Linlithgow Palace stands as a magnificent ruin in the town of Linlithgow, West Lothian, fifteen miles west of Edinburgh. The palace was one of the principal residences of the monarchs of Scotland in the 15th and 16th centuries. Although maintained after the court left for London in 1603, the palace was little used, and was burned out in 1746. It is now a visitor attraction in the care of Historic Scotland.
A royal manor existed on the site in the 12th century. This was replaced by a fortification known as 'the Peel', built in the 14th century by English forces under Edward I. The site of the manor made it an ideal military base for securing the supply routes between Edinburgh Castle and Stirling Castle. The English fort was begun in March 1302 under the supervision of two priests, Richard de Wynepol and Henry de Graundeston. The architect Master James of St George, the genius of the castles of North Wales, was also present. In September 1302, sixty men and 140 women helped dig the ditches; the men were paid twopence and the women a penny daily. A hundred foot-soldiers were still employed as labourers on the castle in November and work continued during the Summer of 1303.
In 1424, the town of Linlithgow was partially destroyed in a great fire. King James I of Scotland started the rebuilding of the Palace as a grand residence for the King and his successors, also beginning the rebuilding of the Church of St Michael immediately to the south of the palace: the earlier church had been used as a storeroom during Edward's occupation. Over the following century the palace developed into a formal courtyard structure, with significant additions by James III and James IV. James V, who was born in the palace in April 1512, added the outer gateway and the elaborate courtyard fountain. The stonework of the south façade was renewed and unified for James V in the 1530s by the keeper, James Hamilton of Finnart. Mary, Queen of Scots, was born at the Palace in December 1542 and occasionally stayed there during her reign. The daughter of James VI, Elizabeth of Bohemia, lived in the Palace. After the Union of the Crowns in 1603 the Royal Court became largely based in England and Linlithgow was used very little.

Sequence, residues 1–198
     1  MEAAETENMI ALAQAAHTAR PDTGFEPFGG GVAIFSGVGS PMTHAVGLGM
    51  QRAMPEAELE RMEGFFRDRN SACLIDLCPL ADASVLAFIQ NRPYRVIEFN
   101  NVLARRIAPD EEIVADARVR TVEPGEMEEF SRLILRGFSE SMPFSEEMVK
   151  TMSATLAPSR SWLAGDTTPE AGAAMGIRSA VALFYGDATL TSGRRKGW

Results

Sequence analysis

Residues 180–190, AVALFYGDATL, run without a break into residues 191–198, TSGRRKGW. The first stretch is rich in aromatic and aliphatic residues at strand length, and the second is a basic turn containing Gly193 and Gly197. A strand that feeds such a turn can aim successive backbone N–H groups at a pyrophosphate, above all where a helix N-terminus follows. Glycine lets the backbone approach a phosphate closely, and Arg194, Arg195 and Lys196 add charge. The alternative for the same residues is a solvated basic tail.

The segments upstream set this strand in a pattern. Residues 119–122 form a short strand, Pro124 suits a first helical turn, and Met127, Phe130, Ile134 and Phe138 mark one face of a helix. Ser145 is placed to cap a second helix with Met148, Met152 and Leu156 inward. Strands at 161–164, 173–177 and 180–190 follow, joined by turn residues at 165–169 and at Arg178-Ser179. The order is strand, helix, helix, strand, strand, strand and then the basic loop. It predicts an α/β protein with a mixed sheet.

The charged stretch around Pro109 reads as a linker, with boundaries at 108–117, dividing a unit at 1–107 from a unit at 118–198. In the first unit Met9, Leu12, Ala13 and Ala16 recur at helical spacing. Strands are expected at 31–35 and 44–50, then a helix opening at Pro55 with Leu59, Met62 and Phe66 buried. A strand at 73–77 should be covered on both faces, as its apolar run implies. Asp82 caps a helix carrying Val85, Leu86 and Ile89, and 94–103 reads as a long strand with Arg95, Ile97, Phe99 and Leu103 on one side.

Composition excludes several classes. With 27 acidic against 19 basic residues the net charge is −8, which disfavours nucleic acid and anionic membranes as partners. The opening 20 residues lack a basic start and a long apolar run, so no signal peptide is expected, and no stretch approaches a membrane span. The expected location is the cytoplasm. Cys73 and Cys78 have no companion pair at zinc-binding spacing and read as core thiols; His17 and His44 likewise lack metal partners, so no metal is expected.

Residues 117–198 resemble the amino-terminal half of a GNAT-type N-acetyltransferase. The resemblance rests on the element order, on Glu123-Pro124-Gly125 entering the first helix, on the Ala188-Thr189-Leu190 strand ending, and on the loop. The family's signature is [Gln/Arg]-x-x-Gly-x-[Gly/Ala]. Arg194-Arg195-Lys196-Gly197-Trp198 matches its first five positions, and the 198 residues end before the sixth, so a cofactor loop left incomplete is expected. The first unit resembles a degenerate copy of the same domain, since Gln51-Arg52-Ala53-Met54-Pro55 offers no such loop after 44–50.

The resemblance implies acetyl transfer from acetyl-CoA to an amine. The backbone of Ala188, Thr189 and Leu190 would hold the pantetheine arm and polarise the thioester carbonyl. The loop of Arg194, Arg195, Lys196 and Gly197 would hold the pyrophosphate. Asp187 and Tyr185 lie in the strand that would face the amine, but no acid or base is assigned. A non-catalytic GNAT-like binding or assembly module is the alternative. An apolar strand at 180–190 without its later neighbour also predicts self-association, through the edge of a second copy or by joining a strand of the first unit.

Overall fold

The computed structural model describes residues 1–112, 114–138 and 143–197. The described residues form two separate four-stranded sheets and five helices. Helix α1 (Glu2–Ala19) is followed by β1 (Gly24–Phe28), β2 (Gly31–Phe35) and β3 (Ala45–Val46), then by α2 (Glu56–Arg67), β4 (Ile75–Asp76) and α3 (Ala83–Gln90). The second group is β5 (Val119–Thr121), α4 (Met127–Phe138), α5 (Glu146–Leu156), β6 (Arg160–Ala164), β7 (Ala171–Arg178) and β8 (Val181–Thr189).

The old north range collapsed on 6 September 1607, and the Earl of Linlithgow wrote to King James VI with the news:
Please your most Sacred Majestie; this sext of September, betuixt thre and four in the morning, the north quarter of your Majesties Palice of Linlithgw is fallin, rufe and all, within the wallis, to the ground; but the wallis ar standing yit, bot lukis everie moment when the inner wall sall fall and brek your Majesties fontane."
King James had it rebuilt between 1618 and 1622. The carving was designed by the mason William Wallace. In July 1620, the architect James Murray of Kilbaberton, estimated that 3000 stones in weight of lead would be needed to cover the roof, costing £3600 in Scottish money. On 5 July 1621 the Earl of Mar wrote to James to tell him he had met Murray and viewed the works at 'grate lenthe.' He said the Palace would be ready for the king at Michaelmas. The carving at the window-heads and the royal arms were painted and gilded, and the old statues of the Pope, Knight, and Labouring Man on the east side had also been painted. However, the only reigning monarch to stay at Linlithgow after that date was King Charles I who spent a night there in 1633.
In 1648, part of the new north range was occupied by the Earl of Linlithgow. A visitor in October 1641 recorded in a poem that the roof of the great hall was already gone, the fountain vandalised by those who objected on religious grounds to the motto "God Save the King," but some woodcarving remained in the Chapel Royal.
The palace's swansong came in September 1745, when Bonnie Prince Charlie visited Linlithgow on his march south but did not stay overnight. It is said that the fountain was made to flow with wine in his honour. The Duke of Cumberland's army destroyed most of the palace buildings by burning in January 1746.
Keepers and Captains of the Palace
The positions of official keeper and captain of the palace have been held by; James Hamilton of Finnart, 1534, Captain and Keeper; William Danielstoun from 19 November 1540; Andrew Hamilton in Briggis, from 22 August 1543; Andrew Melville of Murdocairney, later Lord Melville of Monimail, brother of James Melville of Halhill, from 15 February 1567; George Boyd, deputy Captain, 1564; Andrew Ferrier, Captain of the Palace, 1565, Frenchman; John Brown, June 1569; Andrew Lambie, June 1571; Ludovic Bellenden of Auchnoul 22 November 1587.
The office was acquired by Alexander, 2nd Earl of Linlithgow, and remained in that family until 1715 when the rights returned to the crown.
The palace has been actively conserved since the early 19th century and is today managed and maintained by Historic Scotland. The site is open to visitors all year round, usually subject to an entrance fee for non-members, but on occasion the entry fee is waived during the organisation's "Doors open days". In summer the adjacent 15th-century parish church of St Michael is open for visitors, allowing a combined visit to two of the finest surviving mediæval buildings in the county.
A Strathspey for bagpipes was composed in honour of Linlithgow Palace.
The Palace is said to be haunted by the spectre of Mary of Guise, mother to Mary, Queen of Scots.
After a fashion show at the palace in December 2012, media interest was renewed in the possibility of restoring the roof of the palace.
In August 2014 a music festival was held on the palace's ground called 'Party at the Palace'. Another Party at The Palace will take place in August 2015.
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about Linlithgow Palace)
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